I've spent a lot of the last two years wrestling with different database technologies from vanilla relational systems to exotic key/value stores, but for OpenHeatMap I'm storing all data and settings in S3. To most people that sounds insane, but I've actually been very happy with that decision. How did I get to this point?
Like most people, I started by using MySQL. This worked pretty well for small data sets, though I did have to waste more time than I'd like on housekeeping tasks. The server or process would crash, or I'd change machines, or I'd run out of space on the drive, or a file would be corrupted, and I'd have to mess around getting it running again.
As I started to accumulate larger data sets (eg millions of Twitter updates) MySQL started to require more and more work to keep running well. Indexing is great for medium-scale data sets, but once the index itself grows too large, lots of hard-to-debug performance problems popped up. By the time that I was recompiling the source code and instrumenting it, I'd realized that its abstraction model was now more of a hindrance than a help. If you need to craft your SQL around the details of your database's storage and query optimization algorithms, then you might as well use a more direct low-level interface.
That led me to my dalliance with key-value stores, and my first love was Tokyo Cabinet/Tyrant. Its brutally minimal interface was delightfully easy to get predictable performance from. Unfortunately it was very high maintenance, and English-language support was very hard to find, so after a couple of projects using it I moved on. I still found the key/value interface the right level of abstraction for my work; its essential property was the guarantee that any operation would take a known amount of time, regardless of how large my data grows.
So I put Redis and MongoDB through their paces. My biggest issue was their poor handling of large data loads, and I submitted patches to implement Unix file sockets as a faster alternative to TCP/IP through localhost for that sort of upload. Mongo's support team are superb, and their reponsiveness made Mongo the winner in my mind. Still, I realized I was finding myself wasting too much time on the same mundane maintenance chores that frustrated me back in the MySQL days, which led me to look into databases-as-a-service.
The most well-known of these is Google's AppEngine datastore, but they don't have any way of loading large data sets, and I wasn't going to be able to run all my code on the platform. Amazon's SimpleDB was extremely alluring on the surface, so I spent a lot of time digging into it. They didn't have a good way of loading large data sets either, so I set myself the goal of building my own tool on top of their API. I failed. Their manual sharding requirements, extremely complex programming interface and mysterious threading problems made an apparently straightforward job into a death-march.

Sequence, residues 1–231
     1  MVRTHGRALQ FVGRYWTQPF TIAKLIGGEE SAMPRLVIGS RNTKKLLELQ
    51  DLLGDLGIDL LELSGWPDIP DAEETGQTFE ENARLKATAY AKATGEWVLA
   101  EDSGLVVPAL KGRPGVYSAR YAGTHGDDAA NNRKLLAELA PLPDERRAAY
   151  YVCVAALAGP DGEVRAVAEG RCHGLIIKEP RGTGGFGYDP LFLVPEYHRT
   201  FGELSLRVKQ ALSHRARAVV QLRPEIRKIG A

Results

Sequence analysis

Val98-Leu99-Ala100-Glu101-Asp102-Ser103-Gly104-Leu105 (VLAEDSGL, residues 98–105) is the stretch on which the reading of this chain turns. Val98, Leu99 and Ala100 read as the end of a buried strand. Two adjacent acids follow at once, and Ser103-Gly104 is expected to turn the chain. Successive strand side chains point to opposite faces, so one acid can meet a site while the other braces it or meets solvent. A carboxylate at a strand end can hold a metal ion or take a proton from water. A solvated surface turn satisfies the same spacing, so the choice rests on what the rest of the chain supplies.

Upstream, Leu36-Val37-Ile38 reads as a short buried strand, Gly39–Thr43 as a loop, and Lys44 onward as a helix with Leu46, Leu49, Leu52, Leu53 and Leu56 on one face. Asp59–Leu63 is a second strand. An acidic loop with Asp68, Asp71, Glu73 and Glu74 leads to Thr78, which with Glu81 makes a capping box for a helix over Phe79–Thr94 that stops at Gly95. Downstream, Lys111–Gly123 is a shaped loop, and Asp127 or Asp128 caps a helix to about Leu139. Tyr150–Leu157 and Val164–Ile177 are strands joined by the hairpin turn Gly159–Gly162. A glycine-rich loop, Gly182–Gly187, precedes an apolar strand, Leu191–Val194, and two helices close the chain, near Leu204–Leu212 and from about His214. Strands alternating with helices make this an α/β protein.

While I was doing all this, I had a revelation. Amazon already offered a very simple and widely used key/value database; S3. I'm used to thinking of it as a file system and anyone who's been around databases for a while knows that file systems make attractive small-scale stores that become problematic with large data sets. What I realized was that S3 was actually a massively key/value store dressed up to look like a file system, and so it didn't suffer from the 'too many files in a directory' sort of scaling problems. Here's the advantages it offers:
– Widely used. I can't emphasize how important this is for me, especially after spending so much time on more obscure systems. There's all sorts of beneficial effects that flow from using a tool that lots of others also use, from copious online discussions to the reassurance that it won't be discontinued.
– Reliable. We have very high expectations of up-time for file systems, and S3 has had to meet these. It's not perfect, but backups are easy as pie, and with so many people relying on it there's a lot of pressure to keep it online.
– Zero maintenance. I've never had to reboot my S3 server or repair a corrupted table. Enough said.
– Distributed and scalable. I can throw whatever I want at S3, and access it from anywhere else. The system hides all the details from me, so it's easy to have a whole army of servers and clients all hammering the store without it affecting performance.
Of course there's a whole shed-load of features missing, most obviously the fact that you can't run any kind of query. The thing is, I couldn't run arbitrary queries on massive datasets anyway, no matter what system I used. At least with S3 I can fire up Elastic MapReduce and feed my data through a Hadoop pipeline to pull out analytics.
So that's where I've ended up, storing all of the data generated by OpenHeatMap as JSON files within both private and public S3 buckets. I'll eventually need to pull in a more complex system like MongoDB as my concurrency and flexibility requirements grow, but it's amazing how far a pseudo-file system can get you.